David French, an attorney and staff writer for the National Review, recently wrote an article titled “If You Want to Destroy Your Church, Follow Liberals’ Advice.” It goes downhill from there.
The article was a rebuttal to an editorial by Rachel Held Evans in the Washington Post. French finds apparent frustration in Evan’s critique of contemporary Evangelicalism. Evan’s main point, French proposes, isn’t an attempt to reform the style or face of the church but rather its “substance”; Evan’s pushes reforms that are not theological but really just “a progressive writer’s wish list.” He further categorizes Evans (and presumably all ‘liberal’ progressives) as desiring to unlock the “Millennial spiritual energy found in the old ways- not its actual beliefs, mind you, but the trappings of the faith. To (Rachel Held) Evans, the answer is combining high-church traditions with no-church theology.”
French goes on to make the claim- based on statistical data- that mainline churches that have adopted progressive beliefs are “committing slow-motion suicide.” His conclusion is that Evans’ approach to church is not only theologically fallible but that “theological liberalization and cultural conformity” are paths to certain extinction.
“Yes, there are liberals who ‘long’ for the church to change,” French states. “But that’s because they long for it to disappear.”
It’s hard not to discard David French’s article as a straw-man tirade against progressive Christians and/or any Christian who’s ever registered as a Democrat. He uses the word “inclusive” like profanity, conveniently notes that President Obama’s denomination has seen serious decline in recent years, and attributes the demise of mainline denominations to their adoption of gay marriage (while overlooking the recent decline of the Southern Baptist Convention as mere happenstance). French doesn’t exactly invite open discussion on the topic at hand. Which- from a mere glance at Evans’ new book- was kind of her point.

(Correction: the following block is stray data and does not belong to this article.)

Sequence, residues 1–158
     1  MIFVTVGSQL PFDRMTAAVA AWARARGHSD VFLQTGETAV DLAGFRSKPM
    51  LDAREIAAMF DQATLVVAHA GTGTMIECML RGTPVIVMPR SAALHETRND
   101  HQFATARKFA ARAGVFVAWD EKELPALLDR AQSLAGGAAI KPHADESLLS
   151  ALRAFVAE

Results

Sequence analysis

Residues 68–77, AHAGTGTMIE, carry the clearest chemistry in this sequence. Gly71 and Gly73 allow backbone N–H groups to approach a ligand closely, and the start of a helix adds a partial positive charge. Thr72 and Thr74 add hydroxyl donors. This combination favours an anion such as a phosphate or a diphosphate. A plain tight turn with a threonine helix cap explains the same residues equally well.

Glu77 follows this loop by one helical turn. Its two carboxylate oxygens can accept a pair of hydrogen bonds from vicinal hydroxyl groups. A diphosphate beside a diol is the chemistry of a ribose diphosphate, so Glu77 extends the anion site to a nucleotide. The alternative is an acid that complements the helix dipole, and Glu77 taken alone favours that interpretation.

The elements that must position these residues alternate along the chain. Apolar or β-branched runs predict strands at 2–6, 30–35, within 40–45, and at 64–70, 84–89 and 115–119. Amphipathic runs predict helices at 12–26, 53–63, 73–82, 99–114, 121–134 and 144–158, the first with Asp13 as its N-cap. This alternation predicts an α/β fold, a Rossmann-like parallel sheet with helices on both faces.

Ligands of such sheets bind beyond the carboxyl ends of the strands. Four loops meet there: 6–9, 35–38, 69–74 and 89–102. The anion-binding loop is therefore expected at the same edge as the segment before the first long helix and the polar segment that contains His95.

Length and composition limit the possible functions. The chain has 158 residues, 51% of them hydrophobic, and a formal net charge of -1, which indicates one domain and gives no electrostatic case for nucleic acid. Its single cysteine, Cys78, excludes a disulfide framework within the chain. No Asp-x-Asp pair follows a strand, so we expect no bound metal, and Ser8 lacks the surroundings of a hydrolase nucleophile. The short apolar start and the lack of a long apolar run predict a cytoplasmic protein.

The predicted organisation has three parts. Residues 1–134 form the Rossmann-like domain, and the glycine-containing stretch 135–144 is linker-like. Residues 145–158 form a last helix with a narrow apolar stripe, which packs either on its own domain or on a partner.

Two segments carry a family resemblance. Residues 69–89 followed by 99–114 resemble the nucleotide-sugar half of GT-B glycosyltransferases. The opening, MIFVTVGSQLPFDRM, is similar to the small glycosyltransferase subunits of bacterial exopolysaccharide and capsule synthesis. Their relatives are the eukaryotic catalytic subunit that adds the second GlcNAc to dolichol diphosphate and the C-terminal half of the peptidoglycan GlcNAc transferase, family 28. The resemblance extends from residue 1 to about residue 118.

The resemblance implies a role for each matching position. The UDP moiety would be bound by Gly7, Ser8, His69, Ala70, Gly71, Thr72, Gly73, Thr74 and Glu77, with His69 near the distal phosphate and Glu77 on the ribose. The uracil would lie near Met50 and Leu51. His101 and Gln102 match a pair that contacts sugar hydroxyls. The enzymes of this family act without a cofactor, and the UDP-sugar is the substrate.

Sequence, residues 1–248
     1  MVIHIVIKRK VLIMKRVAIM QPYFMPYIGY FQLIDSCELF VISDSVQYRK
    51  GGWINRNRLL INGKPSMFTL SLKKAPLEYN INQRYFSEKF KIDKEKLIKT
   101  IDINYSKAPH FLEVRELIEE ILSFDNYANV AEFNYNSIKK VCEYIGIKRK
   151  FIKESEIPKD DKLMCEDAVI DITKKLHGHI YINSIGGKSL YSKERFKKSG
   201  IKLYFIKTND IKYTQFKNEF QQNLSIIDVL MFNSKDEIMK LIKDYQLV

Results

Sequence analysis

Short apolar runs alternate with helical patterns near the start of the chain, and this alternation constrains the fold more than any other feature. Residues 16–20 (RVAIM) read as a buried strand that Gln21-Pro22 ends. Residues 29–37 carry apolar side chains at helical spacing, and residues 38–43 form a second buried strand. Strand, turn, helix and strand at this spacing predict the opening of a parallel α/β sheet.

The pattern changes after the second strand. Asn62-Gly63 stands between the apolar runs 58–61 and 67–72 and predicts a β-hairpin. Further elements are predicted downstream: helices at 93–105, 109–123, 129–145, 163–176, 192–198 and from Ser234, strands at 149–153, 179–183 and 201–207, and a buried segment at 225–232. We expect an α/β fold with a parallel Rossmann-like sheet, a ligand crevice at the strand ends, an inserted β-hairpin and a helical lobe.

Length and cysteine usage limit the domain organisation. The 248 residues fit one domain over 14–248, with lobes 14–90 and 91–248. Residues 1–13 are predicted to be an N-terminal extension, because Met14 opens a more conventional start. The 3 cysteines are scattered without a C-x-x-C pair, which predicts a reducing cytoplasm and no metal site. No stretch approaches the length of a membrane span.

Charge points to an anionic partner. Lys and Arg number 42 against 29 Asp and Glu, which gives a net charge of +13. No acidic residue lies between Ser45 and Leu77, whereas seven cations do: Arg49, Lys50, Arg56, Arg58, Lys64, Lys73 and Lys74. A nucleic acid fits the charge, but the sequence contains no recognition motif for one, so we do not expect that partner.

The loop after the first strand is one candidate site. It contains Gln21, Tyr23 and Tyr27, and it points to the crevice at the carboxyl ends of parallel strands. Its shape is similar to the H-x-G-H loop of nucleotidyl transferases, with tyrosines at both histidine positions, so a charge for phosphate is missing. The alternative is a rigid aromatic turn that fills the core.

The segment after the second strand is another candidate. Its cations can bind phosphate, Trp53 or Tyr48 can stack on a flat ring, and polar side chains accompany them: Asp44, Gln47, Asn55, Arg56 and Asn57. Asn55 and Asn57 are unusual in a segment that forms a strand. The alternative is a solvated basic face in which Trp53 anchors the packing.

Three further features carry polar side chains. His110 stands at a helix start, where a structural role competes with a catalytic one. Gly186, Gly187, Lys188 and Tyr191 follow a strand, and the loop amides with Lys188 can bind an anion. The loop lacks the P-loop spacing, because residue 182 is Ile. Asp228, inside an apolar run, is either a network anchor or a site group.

But there is- at the heart of French’s fear-mongering- a pertinent question: is “liberal” theology destroying the American church?
In the aforementioned book Searching for Sunday, Evans joked that “you don’t have to believe much to be an Episcopalian.” (That’s the beauty of self-deprecation; Evans beat French to the punch.) This seems to give further validity to French’s point: Millennial Christians are looking for wide paths on ground that can only support narrow gates.
Or are they?
I’m weary of any discussion on the state of the American church that draws lines based on “liberals” and conservatives.” But, if we’re dealing with the categories as French has arranged them, then we must also say that French represents a facet of American Christianity that is unwaveringly stubborn (or at least tone-deaf) to Millennial calls for reform. We have an arrogant belief in our own flexibility: “unity in non-essentials” we like to say. But who decides the “non-essentials”? In French’s world, it’s the conservatives. This, naturally, means that any congregation which supports gay-marriage has crossed a line from whence they can only return with sackcloth and ashes. That’s hardly flexible. And it’s as ineffective in promoting a theological way forward as was the Diet of Worms.
David French’s approach to the next chapter of the American Church is old and cliche. The use of statistics to measure the health of the church may be practical, but its not theological. And it’s ridiculous- but thoroughly conservative- to quantify theological health with statistics; “well, churches who support homosexuality are shutting down, so obviously it’s decrepit theology.” We’re a religion begun by one man who gathered a small group of people and, with them, defied the religious majority of his age and the most dominant empire known to man. Jesus didn’t win the numbers game; but conservatives like French love to think they should and will.